30 Year Juniper Development Story
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Source: Crataegus Bonsai Blog.
Most young bonsai plants are put in larger pots or in the ground to bulk them up. This is one example of a tree grown only in a very small pot, for 30 years. We don’t get a large trunk that way, but the gain is in micro-detailing. The juniper featured here started as an Eastern Red Cedar, Juniperus virginiana. I say ‘started’, as I grafted the young plant with Kishu shimpaku, and after that only the lower half of the trunk was Red Cedar. Here’s the first photo I have of the Red Cedar, from about 1993. I collected it in 1991. It looks about 7″ / 18cm tall. Though rather uninspiring then, I think I kept it because it lived. The pots did change over the years, with the pot volume only kept proportional, never oversized, for the next 30 years. Here’s the juniper today in 2021, 18″ / 46cm high. It was grafted with Kishu shimpaku in about 2001, when it was about 10 years old. The single graft was placed about halfway up the trunk, with the original Red Cedar foliage cut off a year or two later. Over the last 20 years I’ve put movement into the trunk and branches with wire—piecemeal, over a long period, simply inputting movement, and not planning far ahead for how that movement would ‘work’ in a final design. This year a branch died near the top, and, not to be outdone, I cut off a couple lower ones. Here it…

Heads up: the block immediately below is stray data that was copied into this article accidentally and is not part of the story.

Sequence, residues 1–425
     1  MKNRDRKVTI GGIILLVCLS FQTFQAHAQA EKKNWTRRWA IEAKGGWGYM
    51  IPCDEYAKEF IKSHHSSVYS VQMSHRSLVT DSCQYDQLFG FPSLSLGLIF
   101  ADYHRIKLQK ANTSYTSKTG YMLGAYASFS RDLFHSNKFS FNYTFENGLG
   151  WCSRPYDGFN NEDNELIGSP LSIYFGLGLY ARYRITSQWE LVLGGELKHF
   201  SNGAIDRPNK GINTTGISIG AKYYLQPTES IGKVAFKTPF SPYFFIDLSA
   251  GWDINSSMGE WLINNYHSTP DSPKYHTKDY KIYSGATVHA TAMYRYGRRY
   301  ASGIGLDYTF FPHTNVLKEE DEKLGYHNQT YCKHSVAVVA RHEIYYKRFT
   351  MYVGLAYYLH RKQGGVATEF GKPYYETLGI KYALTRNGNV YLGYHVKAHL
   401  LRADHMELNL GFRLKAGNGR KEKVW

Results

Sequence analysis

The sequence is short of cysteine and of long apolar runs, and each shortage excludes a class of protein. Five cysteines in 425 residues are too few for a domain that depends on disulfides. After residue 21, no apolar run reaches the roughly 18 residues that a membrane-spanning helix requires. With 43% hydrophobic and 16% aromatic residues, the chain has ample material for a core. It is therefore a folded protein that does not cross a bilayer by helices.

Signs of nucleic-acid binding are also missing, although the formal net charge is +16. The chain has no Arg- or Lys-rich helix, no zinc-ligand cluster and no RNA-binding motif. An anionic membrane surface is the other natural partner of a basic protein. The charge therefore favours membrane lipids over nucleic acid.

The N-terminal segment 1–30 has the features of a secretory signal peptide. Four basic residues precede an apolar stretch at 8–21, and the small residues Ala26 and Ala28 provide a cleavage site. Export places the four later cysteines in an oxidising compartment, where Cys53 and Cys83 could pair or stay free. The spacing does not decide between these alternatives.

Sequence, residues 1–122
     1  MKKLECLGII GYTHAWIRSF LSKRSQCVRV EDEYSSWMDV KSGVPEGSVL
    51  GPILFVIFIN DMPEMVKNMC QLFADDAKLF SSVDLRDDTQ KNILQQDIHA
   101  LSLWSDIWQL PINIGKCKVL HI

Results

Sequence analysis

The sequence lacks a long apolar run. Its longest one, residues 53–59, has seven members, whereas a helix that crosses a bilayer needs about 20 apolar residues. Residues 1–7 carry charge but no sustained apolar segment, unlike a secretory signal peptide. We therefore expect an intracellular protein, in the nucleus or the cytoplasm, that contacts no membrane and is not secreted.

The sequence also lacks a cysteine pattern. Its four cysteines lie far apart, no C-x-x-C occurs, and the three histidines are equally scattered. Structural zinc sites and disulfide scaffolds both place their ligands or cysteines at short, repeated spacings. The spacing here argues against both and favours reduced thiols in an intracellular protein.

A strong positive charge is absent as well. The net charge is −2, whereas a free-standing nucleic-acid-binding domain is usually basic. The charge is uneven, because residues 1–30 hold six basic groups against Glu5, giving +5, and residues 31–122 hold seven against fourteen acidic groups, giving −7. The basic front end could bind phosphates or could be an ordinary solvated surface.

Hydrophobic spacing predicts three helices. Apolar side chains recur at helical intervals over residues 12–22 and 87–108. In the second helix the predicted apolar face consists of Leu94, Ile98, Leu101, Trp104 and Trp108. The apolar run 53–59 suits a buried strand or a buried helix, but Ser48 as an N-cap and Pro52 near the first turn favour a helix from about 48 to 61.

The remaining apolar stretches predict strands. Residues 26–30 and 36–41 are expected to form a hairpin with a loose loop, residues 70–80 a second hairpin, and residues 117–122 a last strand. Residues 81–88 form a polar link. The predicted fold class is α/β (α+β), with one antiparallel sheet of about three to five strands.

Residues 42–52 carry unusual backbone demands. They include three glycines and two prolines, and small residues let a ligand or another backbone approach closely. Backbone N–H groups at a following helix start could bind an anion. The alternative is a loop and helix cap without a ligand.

Go to the source blog (Crataegus Bonsai Blog) to read the full article: 30 Year Juniper Development Story